SSL for your WordPress
Quick Answer: Depending on where you get your SSL certificate and how you install it, you may need to take extra steps to fully enable https. EastTexasDesign, for example, has a free SSL certificate. But there are multiple places with hard-coded HTTP:// content. (no S, not secure)
WordPress offers some great free plugins to help with these scenarios. Please note that these are for AFTER your SSL certificate is installed, if you are having problems with your site not fully encrypting:
Really Simple SSL – This is the first plugin I would suggest you try. Back up your website (always a good practice before making changes). Install Really Simple SSL. Activate and browse your site to make sure all is good!
SSL Insecure Content Fixer – When Really Simple SSL wasn’t quite enough. The next thing to try is SSL Insecure Content Fixer.
WordPress HTTP (SSL) – I have only had to use this plugin on one site. My experience has been that Really Simple SSL usually does the trick, with the occasional need to add SSL Insecure Content Fixer. WordPress HTTP (SSL) will be harder on your website’s resources. So give the other two a chance first.
What is the purpose of https?
Correctly using an SSL certificate will let you start your webpage addresses with https:// and display a green lock icon in many browsers. This tells savvy visitors that their information is being encrypted as it goes between your server and their device. (computer, tablet, smartphone, etc…)
HTTPS does not necessarily mean that the websites you are dealing with are secure. So please, do not take this as a green light to share sensitive information such as your credit card number with companies that have not taken other steps to build a good reputation and gain your trust.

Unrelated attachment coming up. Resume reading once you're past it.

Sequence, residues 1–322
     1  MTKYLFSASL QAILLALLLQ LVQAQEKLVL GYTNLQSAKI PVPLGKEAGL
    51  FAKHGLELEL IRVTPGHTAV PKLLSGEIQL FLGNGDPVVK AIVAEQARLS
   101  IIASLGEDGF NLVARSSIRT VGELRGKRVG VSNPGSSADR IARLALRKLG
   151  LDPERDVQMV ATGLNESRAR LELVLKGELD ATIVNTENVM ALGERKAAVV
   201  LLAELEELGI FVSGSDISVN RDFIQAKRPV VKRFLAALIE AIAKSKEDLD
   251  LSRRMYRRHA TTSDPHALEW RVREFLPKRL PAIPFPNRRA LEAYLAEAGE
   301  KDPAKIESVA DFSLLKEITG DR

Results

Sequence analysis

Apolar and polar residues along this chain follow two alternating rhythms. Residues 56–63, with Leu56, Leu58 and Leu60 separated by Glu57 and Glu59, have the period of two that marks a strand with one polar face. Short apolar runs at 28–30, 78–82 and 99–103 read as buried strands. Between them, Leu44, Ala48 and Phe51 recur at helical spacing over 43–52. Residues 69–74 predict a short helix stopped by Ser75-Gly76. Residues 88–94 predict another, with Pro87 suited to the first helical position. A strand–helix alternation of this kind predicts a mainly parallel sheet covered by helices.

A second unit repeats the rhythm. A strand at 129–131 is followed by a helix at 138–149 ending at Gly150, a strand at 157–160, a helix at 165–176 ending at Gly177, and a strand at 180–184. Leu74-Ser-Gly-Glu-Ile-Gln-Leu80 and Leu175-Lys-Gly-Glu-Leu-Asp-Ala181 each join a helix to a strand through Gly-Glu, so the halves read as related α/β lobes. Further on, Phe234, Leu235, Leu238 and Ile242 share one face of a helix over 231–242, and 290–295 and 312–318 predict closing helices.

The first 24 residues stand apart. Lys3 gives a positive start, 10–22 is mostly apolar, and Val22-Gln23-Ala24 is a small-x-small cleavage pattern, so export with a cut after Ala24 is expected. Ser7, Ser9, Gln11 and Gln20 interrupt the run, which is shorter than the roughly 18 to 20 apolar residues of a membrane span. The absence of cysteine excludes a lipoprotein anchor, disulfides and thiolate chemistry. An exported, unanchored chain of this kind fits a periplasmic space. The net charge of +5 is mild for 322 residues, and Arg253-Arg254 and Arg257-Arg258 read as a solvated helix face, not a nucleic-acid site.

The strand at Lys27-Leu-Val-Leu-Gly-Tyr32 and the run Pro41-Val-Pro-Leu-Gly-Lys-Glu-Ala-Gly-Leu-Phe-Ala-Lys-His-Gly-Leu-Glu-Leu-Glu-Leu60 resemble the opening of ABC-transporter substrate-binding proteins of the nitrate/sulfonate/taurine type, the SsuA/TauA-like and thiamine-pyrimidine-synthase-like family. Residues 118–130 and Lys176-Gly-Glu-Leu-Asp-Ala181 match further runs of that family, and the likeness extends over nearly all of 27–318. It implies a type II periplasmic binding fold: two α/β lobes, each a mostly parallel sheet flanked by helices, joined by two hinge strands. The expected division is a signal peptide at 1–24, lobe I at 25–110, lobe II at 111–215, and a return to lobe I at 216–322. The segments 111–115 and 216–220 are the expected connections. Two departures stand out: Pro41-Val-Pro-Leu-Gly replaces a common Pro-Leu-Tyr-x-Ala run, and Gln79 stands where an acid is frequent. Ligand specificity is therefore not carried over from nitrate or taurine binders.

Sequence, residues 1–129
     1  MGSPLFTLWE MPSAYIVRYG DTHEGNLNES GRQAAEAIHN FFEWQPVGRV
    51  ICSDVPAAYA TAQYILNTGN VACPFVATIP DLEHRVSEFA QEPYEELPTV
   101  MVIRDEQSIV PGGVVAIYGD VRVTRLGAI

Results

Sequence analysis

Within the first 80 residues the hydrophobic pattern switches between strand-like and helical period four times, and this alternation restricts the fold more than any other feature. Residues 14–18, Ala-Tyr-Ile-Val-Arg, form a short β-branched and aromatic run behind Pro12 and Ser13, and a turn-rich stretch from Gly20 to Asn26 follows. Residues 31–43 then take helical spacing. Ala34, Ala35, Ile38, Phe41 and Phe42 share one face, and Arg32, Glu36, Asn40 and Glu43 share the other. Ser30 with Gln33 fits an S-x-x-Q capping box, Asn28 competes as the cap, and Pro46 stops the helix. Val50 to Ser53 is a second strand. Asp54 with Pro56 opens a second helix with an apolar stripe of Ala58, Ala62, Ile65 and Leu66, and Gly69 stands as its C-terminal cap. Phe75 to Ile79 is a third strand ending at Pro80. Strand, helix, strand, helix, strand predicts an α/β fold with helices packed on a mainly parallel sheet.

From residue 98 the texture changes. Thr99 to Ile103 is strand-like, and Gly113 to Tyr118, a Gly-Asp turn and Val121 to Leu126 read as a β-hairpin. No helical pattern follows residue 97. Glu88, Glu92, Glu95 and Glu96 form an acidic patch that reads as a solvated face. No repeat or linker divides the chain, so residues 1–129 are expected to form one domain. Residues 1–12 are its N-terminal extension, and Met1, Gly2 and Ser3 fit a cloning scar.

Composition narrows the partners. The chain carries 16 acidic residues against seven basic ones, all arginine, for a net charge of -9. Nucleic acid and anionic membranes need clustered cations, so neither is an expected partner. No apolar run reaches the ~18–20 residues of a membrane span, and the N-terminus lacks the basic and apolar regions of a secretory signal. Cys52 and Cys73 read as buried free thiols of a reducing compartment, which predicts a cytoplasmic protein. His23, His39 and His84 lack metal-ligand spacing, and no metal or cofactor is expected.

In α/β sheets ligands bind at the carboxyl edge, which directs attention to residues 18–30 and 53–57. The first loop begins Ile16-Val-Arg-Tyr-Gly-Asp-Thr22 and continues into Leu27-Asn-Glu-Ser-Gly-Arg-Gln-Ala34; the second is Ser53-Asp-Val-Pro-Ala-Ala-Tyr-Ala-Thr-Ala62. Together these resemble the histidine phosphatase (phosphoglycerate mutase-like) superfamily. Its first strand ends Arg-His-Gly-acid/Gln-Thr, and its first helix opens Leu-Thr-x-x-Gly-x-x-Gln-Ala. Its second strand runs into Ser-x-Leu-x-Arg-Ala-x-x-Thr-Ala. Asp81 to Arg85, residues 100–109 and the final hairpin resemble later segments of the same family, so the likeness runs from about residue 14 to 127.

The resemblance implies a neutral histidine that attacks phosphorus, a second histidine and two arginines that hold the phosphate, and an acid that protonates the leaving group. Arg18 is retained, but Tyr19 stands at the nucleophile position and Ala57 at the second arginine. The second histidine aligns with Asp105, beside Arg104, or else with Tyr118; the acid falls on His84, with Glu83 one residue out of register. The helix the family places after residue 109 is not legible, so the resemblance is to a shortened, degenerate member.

Do I need an SSL certificate if I don’t take credit card numbers on my website?
A few months ago, search engines and browsers officially started making a much bigger deal out of SSL certificates. The purpose is to help users identify which websites are keeping their information more secure.
Your website will still work without an SSL certificate. But you are still strongly encouraged to have one for the following reasons:
- If you collect ANY information on your website, I encourage you to give your visitors a little more peace of mind with the help of SSL
- Have you heard of GDPR? Several countries insist that you keep information secure, give visitors the option to avoid having their data collected, and give visitors the opportunity to have their data removed from your servers. This point is more relevant if you target visitors from the EU. Serving your content over https is one step that you can take toward this goal.
- Do you want your website to perform well in search engines? The lack of secure pages only hurts your chances of ranking well.
- Do you want visitors to trust your website? As stated before, browsers are making a bigger deal out of SSL too. Google’s Chrome, for example, writes “Not Secure” before my address on a website that I have not added https to yet.
Where to get an SSL Certificate?
Getting the SSL certificate from your webhost increases the chances that it will just work! But you may want to use a free certificate or have some hard-coded non-secure URLs. Many webhosts including EastTexasDesign) offer a free SSL with your plan! As do LetsEncrypt and Cloudflare. (More articles on those coming soon. – I wrote them months ago but forgot to hit publish! I need to recheck some facts to make sure stuff hasn’t changed before I post.)